The year 1893 was a momentous year for New Zealand; it was the year that Governor of New Zealand Lord Glasgow signed the act which gave women the vote. In the same year, Lord Glasgow paid the vestry £10 to build a small porch to keep draughts off his back. It is shown here with the three windows and the little slate roof. (The door in this image is to a separate porch to access the vestry).
The Governors of New Zealand (later called Governors General) visited St Paul’s on a regular basis, even though St Mark’s Church was right on the doorstep of their residence, because of St Paul’s status as New Zealand’s semi-official church. At this time, they had a special seat permanently reserved for them in the chancel (later their reserved seat was in the main part of the church). The tiny porch that was built for him was designed by the diocesan architect Frederick de Jersey Clere.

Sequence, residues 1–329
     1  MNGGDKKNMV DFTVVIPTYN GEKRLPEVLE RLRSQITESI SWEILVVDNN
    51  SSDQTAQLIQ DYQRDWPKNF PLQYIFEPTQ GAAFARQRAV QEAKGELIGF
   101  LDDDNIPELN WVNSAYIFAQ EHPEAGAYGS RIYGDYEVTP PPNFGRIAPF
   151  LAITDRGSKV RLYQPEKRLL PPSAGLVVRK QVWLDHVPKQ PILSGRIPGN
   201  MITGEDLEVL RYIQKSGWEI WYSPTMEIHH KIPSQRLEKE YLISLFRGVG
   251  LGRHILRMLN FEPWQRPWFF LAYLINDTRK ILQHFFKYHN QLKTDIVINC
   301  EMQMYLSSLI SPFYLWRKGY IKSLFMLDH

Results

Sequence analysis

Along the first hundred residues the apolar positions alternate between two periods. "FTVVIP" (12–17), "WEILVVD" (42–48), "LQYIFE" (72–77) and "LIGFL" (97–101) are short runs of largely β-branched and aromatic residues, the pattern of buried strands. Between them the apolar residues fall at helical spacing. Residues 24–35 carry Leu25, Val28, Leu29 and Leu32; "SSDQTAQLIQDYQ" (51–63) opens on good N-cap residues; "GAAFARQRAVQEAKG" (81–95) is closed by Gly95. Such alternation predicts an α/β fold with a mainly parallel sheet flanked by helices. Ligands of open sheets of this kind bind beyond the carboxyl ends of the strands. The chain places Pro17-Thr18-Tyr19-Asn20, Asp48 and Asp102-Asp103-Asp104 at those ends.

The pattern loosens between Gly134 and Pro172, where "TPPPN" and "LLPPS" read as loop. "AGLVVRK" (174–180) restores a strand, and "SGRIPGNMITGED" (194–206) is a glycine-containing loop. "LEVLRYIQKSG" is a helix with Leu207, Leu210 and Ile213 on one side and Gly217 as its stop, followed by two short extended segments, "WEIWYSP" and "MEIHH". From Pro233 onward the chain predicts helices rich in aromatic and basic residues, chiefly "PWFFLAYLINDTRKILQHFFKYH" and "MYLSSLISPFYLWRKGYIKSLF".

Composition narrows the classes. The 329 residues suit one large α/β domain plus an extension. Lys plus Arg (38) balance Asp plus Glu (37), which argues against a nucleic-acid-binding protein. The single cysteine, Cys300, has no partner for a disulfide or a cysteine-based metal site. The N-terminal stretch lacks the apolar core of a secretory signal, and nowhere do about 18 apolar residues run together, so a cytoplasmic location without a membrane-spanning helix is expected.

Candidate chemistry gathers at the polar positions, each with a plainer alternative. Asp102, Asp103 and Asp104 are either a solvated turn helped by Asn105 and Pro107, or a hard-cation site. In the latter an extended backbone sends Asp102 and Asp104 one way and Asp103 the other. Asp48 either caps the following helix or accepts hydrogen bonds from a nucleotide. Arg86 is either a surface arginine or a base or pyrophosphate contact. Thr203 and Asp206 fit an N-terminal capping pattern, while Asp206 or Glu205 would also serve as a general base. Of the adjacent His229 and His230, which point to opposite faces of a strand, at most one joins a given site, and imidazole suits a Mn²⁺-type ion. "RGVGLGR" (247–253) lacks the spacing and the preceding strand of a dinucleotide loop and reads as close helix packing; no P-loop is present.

Image: Peter Shepherd, 3 Jan 2014 ‘P1030654 OSP vestry exit’ PS © https://www.flickr.com/photos/peteshep/sets/72157604449659322/#